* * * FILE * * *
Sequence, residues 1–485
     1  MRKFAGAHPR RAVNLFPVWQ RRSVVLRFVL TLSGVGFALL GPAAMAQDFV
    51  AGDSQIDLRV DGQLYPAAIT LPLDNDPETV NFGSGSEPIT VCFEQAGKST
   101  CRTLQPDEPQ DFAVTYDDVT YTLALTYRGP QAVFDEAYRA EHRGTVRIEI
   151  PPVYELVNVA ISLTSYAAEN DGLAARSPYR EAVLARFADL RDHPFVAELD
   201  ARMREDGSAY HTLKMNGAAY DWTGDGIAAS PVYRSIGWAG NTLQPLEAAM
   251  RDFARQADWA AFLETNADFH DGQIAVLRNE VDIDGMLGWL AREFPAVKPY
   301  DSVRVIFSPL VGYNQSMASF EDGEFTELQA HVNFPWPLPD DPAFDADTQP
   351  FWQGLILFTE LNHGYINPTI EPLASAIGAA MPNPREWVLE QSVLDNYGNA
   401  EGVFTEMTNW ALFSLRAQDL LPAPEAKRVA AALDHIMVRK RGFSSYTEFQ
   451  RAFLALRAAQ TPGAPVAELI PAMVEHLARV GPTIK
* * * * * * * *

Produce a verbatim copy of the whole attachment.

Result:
Sequence, residues 1–485
     1  MRKFAGAHPR RAVNLFPVWQ RRSVVLRFVL TLSGVGFALL GPAAMAQDFV
    51  AGDSQIDLRV DGQLYPAAIT LPLDNDPETV NFGSGSEPIT VCFEQAGKST
   101  CRTLQPDEPQ DFAVTYDDVT YTLALTYRGP QAVFDEAYRA EHRGTVRIEI
   151  PPVYELVNVA ISLTSYAAEN DGLAARSPYR EAVLARFADL RDHPFVAELD
   201  ARMREDGSAY HTLKMNGAAY DWTGDGIAAS PVYRSIGWAG NTLQPLEAAM
   251  RDFARQADWA AFLETNADFH DGQIAVLRNE VDIDGMLGWL AREFPAVKPY
   301  DSVRVIFSPL VGYNQSMASF EDGEFTELQA HVNFPWPLPD DPAFDADTQP
   351  FWQGLILFTE LNHGYINPTI EPLASAIGAA MPNPREWVLE QSVLDNYGNA
   401  EGVFTEMTNW ALFSLRAQDL LPAPEAKRVA AALDHIMVRK RGFSSYTEFQ
   451  RAFLALRAAQ TPGAPVAELI PAMVEHLARV GPTIK